Landscaping With Rocks Around Trees

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Rock mulch protects roots and trunks, conserves water and decorates the area around trees.
Image Credit: Bespalyi/iStock/GettyImages

Landscaping with rocks around trees improves the yard's appearance with a natural material. Almost half of a household's water use goes for watering grass and landscaping; mulching with rock conserves water. Spreading small rocks around trees serves as an inorganic mulch, inhibiting weeds, insulating roots and conserving moisture.

Compared with organic matter such as compost, rocks last season after season and provide a decorative element to the home landscape. Landscaping with rocks also reduces yard maintenance and protects trees and roots from mowers.

Step 1: Plan Your Landscaped Area

Sketch out the area around the tree to create your rock landscape design. Creating a border of large rocks or brick pavers helps define the landscaped area. Small rocks, such as lava rock, pea gravel or river rock, work well as mulch inside the rock border. Use this plan to help you choose the rocks you need.

Step 2: Choose Landscaping Rocks

Select the kinds of rocks for the landscape. Consider color, texture and weight. For example, lava rock has the advantages of being light and porous, allowing air and moisture to reach the tree roots. Choose red to add color to the landscape or black for a cooler look.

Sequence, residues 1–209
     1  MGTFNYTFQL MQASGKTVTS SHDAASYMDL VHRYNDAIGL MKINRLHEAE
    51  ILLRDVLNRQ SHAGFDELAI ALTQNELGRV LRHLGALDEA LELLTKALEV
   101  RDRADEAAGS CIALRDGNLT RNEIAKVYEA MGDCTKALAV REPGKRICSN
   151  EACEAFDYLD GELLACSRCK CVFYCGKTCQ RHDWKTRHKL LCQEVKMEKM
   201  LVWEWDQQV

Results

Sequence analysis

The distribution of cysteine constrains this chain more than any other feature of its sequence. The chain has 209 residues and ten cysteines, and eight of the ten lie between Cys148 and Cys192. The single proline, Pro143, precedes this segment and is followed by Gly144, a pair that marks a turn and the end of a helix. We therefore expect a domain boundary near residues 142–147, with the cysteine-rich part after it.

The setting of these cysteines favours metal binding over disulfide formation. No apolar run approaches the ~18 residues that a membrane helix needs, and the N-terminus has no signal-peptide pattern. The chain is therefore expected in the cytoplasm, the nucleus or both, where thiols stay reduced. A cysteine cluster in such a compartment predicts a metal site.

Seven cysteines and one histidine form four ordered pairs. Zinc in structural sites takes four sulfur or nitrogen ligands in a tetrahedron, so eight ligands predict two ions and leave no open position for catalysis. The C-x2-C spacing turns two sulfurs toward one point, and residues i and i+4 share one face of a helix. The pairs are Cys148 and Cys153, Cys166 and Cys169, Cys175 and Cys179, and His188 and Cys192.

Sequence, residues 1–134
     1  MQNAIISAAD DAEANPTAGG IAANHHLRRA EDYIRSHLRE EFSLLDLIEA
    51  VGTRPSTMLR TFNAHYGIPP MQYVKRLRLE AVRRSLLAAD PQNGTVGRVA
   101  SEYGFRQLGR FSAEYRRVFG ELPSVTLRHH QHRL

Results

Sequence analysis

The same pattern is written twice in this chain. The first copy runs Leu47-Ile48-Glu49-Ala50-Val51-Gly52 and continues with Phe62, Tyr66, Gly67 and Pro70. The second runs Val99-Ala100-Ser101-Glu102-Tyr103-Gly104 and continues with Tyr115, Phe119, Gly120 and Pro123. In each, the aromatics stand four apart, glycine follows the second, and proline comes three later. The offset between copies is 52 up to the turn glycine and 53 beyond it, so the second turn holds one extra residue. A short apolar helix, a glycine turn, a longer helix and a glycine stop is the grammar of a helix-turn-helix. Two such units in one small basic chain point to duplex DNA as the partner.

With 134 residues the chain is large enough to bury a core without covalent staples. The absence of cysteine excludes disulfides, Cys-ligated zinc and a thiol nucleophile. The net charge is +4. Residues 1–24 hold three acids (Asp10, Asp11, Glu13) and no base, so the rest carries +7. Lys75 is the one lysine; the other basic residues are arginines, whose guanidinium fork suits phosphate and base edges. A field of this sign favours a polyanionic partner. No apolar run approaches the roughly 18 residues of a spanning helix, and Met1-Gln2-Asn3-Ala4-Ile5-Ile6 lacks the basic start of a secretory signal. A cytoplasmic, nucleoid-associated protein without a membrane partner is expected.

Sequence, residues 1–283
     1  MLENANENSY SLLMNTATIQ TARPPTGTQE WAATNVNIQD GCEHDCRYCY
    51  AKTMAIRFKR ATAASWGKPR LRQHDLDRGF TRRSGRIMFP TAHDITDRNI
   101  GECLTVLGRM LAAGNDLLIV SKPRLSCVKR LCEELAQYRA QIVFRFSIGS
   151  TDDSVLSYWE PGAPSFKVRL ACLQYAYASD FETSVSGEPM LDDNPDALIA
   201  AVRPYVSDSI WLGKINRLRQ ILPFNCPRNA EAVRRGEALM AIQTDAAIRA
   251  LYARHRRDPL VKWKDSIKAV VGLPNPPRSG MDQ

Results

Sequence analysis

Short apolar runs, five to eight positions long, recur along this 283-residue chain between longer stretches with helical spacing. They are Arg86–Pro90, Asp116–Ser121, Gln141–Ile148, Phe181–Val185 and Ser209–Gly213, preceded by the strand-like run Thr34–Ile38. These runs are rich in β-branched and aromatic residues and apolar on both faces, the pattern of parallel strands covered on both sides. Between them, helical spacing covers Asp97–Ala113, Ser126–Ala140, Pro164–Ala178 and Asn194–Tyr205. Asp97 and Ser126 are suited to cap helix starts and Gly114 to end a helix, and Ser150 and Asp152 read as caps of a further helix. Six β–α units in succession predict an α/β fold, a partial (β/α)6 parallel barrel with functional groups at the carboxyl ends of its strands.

Step 3: Buy Rocks and Accents

Buy rocks as mulch, accent boulders and some decorative rocks to add a rock garden feature, if desired. Creating contrast improves the appearance of the yard. If the area with the trees is plain, select some colorful rocks. To highlight colorful plants, choose simple rocks in gray, black or tan, based on what goes well with the house and fence.

Step 4: Mark the Landscaped Area

Measure from the tree trunk outward to 6 feet and place a stone or make a mark with your shoe. Repeat at four or more locations around the tree.

Step 5: Cut Landscape Fabric

Measure the diameter of the circle from a mark on one side of the tree to a mark on the other. Cut the landscape fabric to this size. Fold the landscape fabric in half and cut half-way up the fold from the edge to the center. Cut a circle out of the center the size of the tree trunk.

Step 6: Install Landscape Fabric

Spread the landscape fabric around the tree. Use landscape staples to hold the fabric in place.

Step 7: Create a Rock Border

Build a rock border to contain the mulch. Dig a trench 1 to 2 inches deep around the tree along the marks to seat the rocks. Make the trench the same width as the average width of the border rocks, for example, 6 inches.

Step 8: Position Border Rocks

Arrange the rocks side by side along the trench. Build the border out of matching rocks or alternate colors or create a pattern. For example, set a pattern of four red lava rocks then one black lava rock continuing around the tree to surround a ring of black lava rock mulch.

Step 9: Add Landscape Mulch

Pour landscape mulch rock into the circle around the tree. If you have a wheelbarrow, push it to the rock border and raise the handles to dump the load of mulch. Otherwise, dump it from a bag or bin.

Step 10: Even Out the Mulch

Even out the rock mulch around the tree with a shovel or rake.

references

Gryphon Adams

Gryphon Adams began publishing in 1985. He contributed to the "San Francisco Chronicle" and "Dark Voices." Adams writes about a variety of topics, including teaching, floral design, landscaping and home furnishings. Adams is a certified health educator and a massage practitioner. He received his Master of Fine Arts at San Francisco State University.